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Japanese Friendship Dolls
History

Japanese Friendship Doll

 


After receiving almost 13,000 dolls as gifts from American children in early 1927, Japan wanted to do something special to express their thanks. Eiichi Shibusawa, a Japanese businessman and educator, organized the collection of money from children throughout Japan to pay for the making of 58 special dolls to be sent to America.

Each Japanese doll was equipped with a variety of accessories, including lacquer chests, a silk parasols, two pedestal lanterns, passports, steamship tickets, and goodwill letters.

When the 58 Japanese Friendship Dolls arrived in the US, they were greeted warmly and went on a tour of the country for several months before being distributed to museums in the various states.

Sadly, just 14 short years after America received the Japanese Friendship Dolls, Japan and the US were fighting each other in World War II. During the war, many of the Friendship Dolls were stored away, sold, or lost. Miss Kagawa, at the North Carolina State Museum of Natural History, was turned to face the wall. A sign next to the doll read:

WHOM THE GODS WOULD DESTROY
THEY FIRST MAKE MAD

The Japanese made an insane attack upon the American Territory of Hawaii on December 7, 1941.
With a grim determination we now are committed to stop for all time Japanese aggression. This has no bloodthirsty implications to destroy peoples as such. We still believe in peace and goodwill to live and let live.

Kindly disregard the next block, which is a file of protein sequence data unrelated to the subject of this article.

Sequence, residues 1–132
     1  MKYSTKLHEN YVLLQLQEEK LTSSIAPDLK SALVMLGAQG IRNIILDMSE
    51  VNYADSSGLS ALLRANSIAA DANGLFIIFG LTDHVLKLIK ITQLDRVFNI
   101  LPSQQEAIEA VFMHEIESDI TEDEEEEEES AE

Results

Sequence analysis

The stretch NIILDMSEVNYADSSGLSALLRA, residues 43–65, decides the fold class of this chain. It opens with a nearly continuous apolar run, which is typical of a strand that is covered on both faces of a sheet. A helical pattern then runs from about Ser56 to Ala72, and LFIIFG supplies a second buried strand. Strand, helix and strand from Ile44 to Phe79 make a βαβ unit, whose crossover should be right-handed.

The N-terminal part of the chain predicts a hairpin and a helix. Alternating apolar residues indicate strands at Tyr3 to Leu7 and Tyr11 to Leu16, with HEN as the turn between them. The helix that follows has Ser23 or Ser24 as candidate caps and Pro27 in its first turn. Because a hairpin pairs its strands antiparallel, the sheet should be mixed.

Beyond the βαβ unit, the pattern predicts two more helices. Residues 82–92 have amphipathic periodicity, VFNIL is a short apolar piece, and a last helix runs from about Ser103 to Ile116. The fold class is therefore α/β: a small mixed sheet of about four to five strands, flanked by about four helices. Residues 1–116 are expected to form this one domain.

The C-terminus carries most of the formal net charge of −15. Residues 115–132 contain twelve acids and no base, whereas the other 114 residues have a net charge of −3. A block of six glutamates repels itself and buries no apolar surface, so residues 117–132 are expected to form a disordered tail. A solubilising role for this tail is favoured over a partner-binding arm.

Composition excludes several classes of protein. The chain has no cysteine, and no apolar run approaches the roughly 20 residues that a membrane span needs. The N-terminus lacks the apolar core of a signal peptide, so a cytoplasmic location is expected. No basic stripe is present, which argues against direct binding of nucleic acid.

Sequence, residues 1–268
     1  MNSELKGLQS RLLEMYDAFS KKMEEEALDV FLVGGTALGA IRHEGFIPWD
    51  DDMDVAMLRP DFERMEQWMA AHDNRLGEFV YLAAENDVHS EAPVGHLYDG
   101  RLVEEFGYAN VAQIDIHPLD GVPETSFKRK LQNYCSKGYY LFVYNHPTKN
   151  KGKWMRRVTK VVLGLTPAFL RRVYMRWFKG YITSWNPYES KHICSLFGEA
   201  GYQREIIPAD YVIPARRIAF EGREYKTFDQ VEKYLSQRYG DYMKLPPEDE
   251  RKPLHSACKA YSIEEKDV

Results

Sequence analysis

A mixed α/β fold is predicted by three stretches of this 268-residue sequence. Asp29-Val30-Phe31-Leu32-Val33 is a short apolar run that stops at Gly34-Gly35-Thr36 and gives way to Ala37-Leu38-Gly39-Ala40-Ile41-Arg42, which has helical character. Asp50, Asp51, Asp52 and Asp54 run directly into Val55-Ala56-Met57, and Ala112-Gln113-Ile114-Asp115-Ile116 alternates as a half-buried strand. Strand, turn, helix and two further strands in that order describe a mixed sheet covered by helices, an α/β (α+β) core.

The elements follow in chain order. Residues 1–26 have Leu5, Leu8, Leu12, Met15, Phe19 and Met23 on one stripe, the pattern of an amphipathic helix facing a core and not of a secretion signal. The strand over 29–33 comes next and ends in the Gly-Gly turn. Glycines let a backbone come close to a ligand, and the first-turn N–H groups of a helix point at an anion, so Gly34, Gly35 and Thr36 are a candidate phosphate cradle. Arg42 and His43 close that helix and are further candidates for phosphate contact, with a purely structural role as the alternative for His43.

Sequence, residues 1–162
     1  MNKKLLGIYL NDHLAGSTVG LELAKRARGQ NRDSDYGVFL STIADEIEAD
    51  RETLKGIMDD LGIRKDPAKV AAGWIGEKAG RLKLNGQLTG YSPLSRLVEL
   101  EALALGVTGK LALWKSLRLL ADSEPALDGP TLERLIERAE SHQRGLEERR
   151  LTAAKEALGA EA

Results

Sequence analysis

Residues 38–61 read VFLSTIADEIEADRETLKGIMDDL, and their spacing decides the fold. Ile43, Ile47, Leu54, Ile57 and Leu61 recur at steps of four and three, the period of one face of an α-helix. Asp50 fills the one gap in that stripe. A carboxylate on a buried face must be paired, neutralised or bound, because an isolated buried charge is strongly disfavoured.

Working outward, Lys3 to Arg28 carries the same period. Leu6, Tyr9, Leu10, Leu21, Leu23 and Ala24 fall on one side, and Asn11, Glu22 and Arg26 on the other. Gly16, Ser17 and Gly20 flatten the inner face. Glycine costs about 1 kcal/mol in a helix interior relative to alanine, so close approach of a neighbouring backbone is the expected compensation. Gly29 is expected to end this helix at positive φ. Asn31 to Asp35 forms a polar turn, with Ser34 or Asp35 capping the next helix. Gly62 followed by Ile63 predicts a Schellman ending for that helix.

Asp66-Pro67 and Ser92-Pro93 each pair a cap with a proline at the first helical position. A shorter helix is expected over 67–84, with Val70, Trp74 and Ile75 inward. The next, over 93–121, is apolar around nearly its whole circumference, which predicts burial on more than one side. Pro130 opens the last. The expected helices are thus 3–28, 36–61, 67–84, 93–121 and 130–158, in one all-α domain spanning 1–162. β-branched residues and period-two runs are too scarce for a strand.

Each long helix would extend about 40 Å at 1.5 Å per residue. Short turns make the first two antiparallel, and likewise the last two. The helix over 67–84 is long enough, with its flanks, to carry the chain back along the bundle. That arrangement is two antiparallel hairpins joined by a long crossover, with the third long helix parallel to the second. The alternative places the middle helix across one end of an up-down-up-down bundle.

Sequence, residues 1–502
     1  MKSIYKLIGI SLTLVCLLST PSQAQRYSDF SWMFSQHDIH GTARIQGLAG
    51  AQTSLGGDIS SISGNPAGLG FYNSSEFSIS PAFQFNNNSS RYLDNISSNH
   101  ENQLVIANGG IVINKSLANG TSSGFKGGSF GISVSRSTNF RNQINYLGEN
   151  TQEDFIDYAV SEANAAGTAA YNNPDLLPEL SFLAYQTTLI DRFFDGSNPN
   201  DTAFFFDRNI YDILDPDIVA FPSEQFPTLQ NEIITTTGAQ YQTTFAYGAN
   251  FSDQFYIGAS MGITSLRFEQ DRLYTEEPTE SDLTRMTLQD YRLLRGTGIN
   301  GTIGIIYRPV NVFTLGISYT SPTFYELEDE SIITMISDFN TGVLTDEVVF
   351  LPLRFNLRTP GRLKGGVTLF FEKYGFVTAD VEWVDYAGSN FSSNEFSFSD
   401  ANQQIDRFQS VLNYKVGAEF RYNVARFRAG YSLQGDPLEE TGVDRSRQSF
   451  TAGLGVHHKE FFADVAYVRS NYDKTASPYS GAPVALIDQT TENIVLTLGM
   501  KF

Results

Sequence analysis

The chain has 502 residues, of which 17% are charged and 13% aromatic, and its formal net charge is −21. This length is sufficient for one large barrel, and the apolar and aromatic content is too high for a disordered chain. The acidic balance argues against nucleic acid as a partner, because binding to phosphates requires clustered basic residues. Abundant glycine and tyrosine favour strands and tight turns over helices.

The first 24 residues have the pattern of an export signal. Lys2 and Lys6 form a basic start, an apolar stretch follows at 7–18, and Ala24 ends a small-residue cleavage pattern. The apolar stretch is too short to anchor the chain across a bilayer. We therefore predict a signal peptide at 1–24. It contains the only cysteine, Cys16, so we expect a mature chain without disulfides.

Men, women and children of Japan have this goodwill but they have now been dominated by ruthless leaders. Proof of such latent goodwill are the Friendship Doll Exhibits exchanged between children of the United States and Japan during 1926 and 1927 and shown as here in museums in both countries.

Until the mid 1980s, almost nothing was known about what had happened to the Japanese Friendship Dolls.  A 1984 magazine article mentions Miss Japan stored away the Smithsonian Institution, but also states, "As far as is known, there is no list available of the other dolls that were sent or where they found homes." With the efforts of many dedicated individuals, most of the beautiful Japanese Friendship Dolls have been located, but 14 of the dolls still remain missing. 


Photo courtesy of University of Nebraska Museum, Anthropology Division

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